In addition to validating realistic application traffic profile performance and QoE, there is also a need for realistic mo­del threat vectors to validate the security efficacy of the SASE security stack. It is imperative to have access to a constantly evolving library of high-quality content that covers vulnerabilities, malware and ex­ploits. This enables organisations to en­hance their security measures and address gaps in SASE deployments while ensuring alignment with security industry frameworks such as MITRE Adversarial Tactics Techniques and Common Know­ledge. It is important to emulate hacker-like behaviour using evasion or obfuscation techniques such as cloaking threat vectors in TLS, in order to comprehensively evaluate security effectiveness. Ad­ditionally, it is crucial to assess the impact of security po­licies on end-user experience by simulating legitimate app­lication traffic on a large scale by incorporating malicious threat vectors. If security controls and policies impact critical business activities, organisations will have to seek alternative methods to bypass controls that could severely affect their security posture. Furthermore, it is also important to evaluate the scalability of the zero-trust architecture by assessing its authentication rate for concurrent users and determining the capacity that the identity and access management system can support. Moreover, it is important to evaluate the effectiveness and impact of zero trust policies such as micro-segmentation, lateral threat movement and DLP on performance and end-user QoE.

SASE testing tools can dynamically sc­a­le, support real traffic and inject malware in order to assess the functionality and ef­fectiveness of security protocols. For example, TeraVM is a fully software-ba­sed, virtualised and containerised next-generation firewall and network validation tool that runs across labs, data centres and servers (both cloud-based and on-premises environments). It identifies vulnerabilities across networks and cloud infrastructure and replicates a wide array of potential se­curity breaches from viruses, spyware, and malware, which can arise from weak br­ing-your-own-device policies and im­pe­rs­onation. This tool is additionally deploy­ed in a distributed and hybrid network architecture, enabling centralised central control over its operations.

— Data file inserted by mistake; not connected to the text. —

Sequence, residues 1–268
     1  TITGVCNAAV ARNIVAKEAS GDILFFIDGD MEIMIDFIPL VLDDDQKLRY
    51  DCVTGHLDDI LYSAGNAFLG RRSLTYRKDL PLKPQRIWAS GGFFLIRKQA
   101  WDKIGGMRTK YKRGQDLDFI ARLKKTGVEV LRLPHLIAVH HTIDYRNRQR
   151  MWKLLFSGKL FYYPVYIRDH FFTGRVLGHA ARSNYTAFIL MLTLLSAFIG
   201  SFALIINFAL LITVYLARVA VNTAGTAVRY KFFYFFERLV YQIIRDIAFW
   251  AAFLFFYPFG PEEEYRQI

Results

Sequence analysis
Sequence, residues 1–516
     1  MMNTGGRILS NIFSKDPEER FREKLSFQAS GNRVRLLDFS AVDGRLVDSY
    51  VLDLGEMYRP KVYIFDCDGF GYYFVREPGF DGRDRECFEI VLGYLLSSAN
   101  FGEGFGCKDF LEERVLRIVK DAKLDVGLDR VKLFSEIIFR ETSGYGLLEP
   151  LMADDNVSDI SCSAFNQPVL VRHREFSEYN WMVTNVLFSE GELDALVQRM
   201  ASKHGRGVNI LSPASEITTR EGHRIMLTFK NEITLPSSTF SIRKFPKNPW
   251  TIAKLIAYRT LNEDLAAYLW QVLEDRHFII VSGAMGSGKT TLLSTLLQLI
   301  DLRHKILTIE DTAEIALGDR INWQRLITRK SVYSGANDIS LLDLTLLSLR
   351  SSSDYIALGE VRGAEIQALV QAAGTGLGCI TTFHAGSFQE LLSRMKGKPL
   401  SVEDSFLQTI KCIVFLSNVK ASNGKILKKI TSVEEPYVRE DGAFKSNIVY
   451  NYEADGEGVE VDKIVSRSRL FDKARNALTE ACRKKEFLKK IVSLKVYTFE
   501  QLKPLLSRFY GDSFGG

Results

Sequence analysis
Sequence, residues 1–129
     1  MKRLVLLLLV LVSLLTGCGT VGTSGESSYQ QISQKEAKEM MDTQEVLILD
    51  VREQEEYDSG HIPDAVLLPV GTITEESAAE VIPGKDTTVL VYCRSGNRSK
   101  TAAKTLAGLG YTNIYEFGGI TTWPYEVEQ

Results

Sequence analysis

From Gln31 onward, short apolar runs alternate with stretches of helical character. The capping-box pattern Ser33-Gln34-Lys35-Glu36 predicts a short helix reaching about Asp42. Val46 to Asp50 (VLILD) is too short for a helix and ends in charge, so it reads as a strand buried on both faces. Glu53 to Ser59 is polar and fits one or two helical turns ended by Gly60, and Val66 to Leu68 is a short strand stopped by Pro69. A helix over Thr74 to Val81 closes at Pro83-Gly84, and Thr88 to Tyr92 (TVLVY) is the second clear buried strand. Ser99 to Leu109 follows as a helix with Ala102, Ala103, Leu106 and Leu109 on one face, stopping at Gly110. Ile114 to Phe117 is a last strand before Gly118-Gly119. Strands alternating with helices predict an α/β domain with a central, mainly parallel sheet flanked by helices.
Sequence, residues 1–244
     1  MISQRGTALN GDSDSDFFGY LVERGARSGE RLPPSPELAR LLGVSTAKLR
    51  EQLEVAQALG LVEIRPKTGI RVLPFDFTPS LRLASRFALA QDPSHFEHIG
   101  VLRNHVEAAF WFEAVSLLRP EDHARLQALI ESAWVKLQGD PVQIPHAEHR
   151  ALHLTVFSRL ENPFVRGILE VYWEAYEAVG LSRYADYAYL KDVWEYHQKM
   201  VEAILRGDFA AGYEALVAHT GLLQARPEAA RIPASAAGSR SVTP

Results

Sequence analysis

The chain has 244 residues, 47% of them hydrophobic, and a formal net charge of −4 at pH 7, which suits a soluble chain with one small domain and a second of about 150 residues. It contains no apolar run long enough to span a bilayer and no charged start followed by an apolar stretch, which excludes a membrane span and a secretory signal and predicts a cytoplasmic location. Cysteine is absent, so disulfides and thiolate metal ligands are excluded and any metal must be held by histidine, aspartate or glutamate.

Future adoption trends

The outbreak of the Covid-19 pandemic in 2020 demonstrated the need for businesses to transition their network security to an outside-to-outside approach in or­der to effectively support the requireme­n­ts of a remote workforce. SASE is regarded as the future of remote access, offering nu­merous advantages such as minimising the complexity of WAN functions, facilitating access from diverse entities at any location, optimising costs and resource allocation and enhancing application performance. Gartner predicted that by 2025, at least 60 per cent of enterprises will have well-desig­ned strategies and established timelines for adopting SASE, encompassing various aspects such as user, branch and edge access. Meanwhile, the global SASE market size is projected to almost double from $5.36 billion in 2027 to $11.29 billion by 2028. Given the positive developments in this field and the continuous growth of the online solutions market, it is reasonable to expect that In­dia will emerge as a hub for providing SASE solutions, as an increasing number of companies adopt them.